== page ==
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  • ShadyGuy
    ShadyGuy Member Posts: 756 Member
    edited December 2017 #22

    Huh ?

    I do not recall mentioning "choosing to have cancer." I wrote that no sane or healthy individual could ever desire such a thing. 

    My address regarded how one most profitiably deals with the hand once it is delt to you....   Some reactions build upon the misfortune, others just plod through, Eeyore-style, lamenting "woe is me."

    You misunderstood

    I was referring to a quote from another member.

     

  • ShadyGuy
    ShadyGuy Member Posts: 756 Member
    po18guy said:

    On hold???

    Rather, instead of bering placed "on hold", your life has taken on a new direction, a new depth, a new meaning. All of a sudden, each day is a little more precious. Tomorrow cannot be taken for granted. You are going places and meeting people that you never would have otherwise. Your life has just expanded. Because all of this does not fit into your plans does not make it bad. And, you do not even have cancer.

    Huh? Well, the healthy way of thinking about this is: You do not have cancer until a pathology report says you have cancer." Doctor's "concern" and personal worries do not determine reality. They are abstracts. A diagnosis is real - but again, you have been strengthened by the downs of life so that you are strong enough to handle a poor diagnosis, or a good one.

    Life in no way stops. It changes direction, quality, persepctive, outlook, but it does not stop. Have a read: https://csn.cancer.org/node/309309

    If I had to go back 9 years and choose health or cancer, I would take the cancer. Really.

    Wow

    You would choose cancer over health? I respect your opinion but don’t relate to it in any way. We can be different and still respect each other’s views. I find your story fascinating.

  • ShadyGuy
    ShadyGuy Member Posts: 756 Member

    Slightly off

    Shady, your views are those of most Americans and most westernized people throughout the world.

    However, belief in meritorious suffering or the notion that suffering makes one better is ancient, and was once pervasive throughout the world.  And this is true in this life, regardless of the afterlife notions of various religions and philosophies.

    Buddhism, which denies any afterlife at all, teaches that all human existence is suffering (Sanskrit, dukkha), to be overcome only through right understanding and will.  'Nirvana' (Pali: nibbana "to extinguish") is most often described as a candle buring out. It is achieved only after all self will and desire is eliminated.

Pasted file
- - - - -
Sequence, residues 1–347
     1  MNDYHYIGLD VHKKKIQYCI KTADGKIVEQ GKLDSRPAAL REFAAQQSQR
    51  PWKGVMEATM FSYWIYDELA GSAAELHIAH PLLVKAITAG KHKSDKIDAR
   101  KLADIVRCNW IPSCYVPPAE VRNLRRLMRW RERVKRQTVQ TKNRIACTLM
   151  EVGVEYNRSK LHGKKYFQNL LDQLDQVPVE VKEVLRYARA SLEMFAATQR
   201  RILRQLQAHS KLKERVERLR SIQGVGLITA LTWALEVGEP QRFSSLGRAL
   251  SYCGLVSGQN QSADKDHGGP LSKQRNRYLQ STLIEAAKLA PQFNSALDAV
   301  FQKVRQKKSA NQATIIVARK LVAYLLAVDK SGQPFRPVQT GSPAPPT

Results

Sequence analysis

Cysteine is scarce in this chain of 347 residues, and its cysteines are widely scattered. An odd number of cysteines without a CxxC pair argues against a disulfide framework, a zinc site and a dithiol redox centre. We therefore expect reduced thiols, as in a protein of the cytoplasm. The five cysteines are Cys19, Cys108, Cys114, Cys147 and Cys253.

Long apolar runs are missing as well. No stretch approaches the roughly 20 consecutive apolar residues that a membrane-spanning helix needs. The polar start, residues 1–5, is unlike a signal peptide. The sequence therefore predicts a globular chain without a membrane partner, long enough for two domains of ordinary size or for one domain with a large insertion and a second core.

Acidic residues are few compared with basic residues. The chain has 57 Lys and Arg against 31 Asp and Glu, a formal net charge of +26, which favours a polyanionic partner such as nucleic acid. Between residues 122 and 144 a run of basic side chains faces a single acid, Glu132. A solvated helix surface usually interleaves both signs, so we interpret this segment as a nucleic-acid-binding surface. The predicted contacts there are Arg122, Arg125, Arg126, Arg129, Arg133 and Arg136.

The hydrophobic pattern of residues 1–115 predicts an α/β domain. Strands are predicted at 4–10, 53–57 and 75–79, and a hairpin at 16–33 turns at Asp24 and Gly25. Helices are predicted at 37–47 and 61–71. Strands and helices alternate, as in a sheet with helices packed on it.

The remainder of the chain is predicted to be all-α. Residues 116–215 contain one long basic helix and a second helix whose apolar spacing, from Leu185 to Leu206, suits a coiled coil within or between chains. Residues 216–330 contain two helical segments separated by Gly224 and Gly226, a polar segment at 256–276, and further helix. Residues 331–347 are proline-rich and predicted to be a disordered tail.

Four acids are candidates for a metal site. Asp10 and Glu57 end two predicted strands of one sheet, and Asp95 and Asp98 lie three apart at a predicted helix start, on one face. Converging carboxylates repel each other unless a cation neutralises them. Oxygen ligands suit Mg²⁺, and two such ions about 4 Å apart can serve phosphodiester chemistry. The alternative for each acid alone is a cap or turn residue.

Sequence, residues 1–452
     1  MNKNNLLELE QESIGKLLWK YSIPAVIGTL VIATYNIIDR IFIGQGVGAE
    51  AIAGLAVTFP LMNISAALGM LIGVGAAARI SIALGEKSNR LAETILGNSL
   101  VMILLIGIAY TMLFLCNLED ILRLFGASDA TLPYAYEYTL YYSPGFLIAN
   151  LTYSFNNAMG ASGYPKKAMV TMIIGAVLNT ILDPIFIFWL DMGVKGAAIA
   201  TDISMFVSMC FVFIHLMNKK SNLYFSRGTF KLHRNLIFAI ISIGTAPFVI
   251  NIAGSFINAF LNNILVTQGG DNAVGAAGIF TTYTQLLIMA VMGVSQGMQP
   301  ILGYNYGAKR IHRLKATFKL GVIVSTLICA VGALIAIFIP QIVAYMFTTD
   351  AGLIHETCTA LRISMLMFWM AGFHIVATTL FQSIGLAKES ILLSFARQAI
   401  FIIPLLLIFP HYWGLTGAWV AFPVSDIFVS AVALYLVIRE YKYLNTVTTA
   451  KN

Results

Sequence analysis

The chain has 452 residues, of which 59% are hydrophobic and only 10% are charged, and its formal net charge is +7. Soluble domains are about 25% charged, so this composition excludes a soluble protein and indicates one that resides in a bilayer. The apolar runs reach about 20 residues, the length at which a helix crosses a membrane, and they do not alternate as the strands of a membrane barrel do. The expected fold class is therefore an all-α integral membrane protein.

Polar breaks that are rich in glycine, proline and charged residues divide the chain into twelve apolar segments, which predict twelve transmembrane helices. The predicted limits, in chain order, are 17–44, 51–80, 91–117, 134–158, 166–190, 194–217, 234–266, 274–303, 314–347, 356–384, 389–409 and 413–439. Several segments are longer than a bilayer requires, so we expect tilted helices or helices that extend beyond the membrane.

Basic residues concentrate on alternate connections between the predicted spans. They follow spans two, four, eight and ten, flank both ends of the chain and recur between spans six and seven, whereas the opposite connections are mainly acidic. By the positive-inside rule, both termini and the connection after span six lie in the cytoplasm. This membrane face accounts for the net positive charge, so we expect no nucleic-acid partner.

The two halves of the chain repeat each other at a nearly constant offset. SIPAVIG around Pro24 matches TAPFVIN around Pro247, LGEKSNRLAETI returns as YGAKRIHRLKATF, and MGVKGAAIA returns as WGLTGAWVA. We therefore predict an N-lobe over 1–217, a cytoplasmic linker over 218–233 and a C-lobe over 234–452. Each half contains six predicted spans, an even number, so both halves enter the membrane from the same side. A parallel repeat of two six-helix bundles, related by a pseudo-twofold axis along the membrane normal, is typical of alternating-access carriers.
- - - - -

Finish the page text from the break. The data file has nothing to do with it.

Judaism and Christianity historically have always understood suffering to improve character and the nature of life, in this world, and of course in the afterlife also.

    Various secular philosophies, such as Roman Stocism and some Greeks (neoplatonic writers, for instance) have all viewed life as a harsh struggle, and how one views that struggle are at their core.

    So the notion of improvement through suffering is not even usually otherworldly, and very often is not even religious, but derived from secular writers.

    Of course, no sane, balanced inidividual would ever seek or desire suffering.  It is when it comes uninvited that our reaction to it matters.

    I know all of this is too esoteric and odd for most current readers, who communicate via emojis and Instagram only.  The smart phone has mostly eradicated reading from current America.  Historians are labelling our age 'The New Barbarism.'   Soon, we will only communicate via grunts and clubs.

     

    Kelly Clarkson's hit Stronger is a modern, pop music take on these notions.

     

     

    Not really criticisizing

    Philosophy aside, I have trouble understanding anything noble about choosing to have cancer. The best of good fortune to you and yours.

  • ShadyGuy
    ShadyGuy Member Posts: 756 Member
    Evarista said:

    If I can butt in...

    ...without being asked:  Max, I think Shady hit the wrong "Reply" link and intended to being speaking to someone else or in general terms.  Those little "Reply" links can be confusing, in my opinion.  No hard feelings between two good people I hope?

    Not me

    certainly no bad feelings from me.

  • ShadyGuy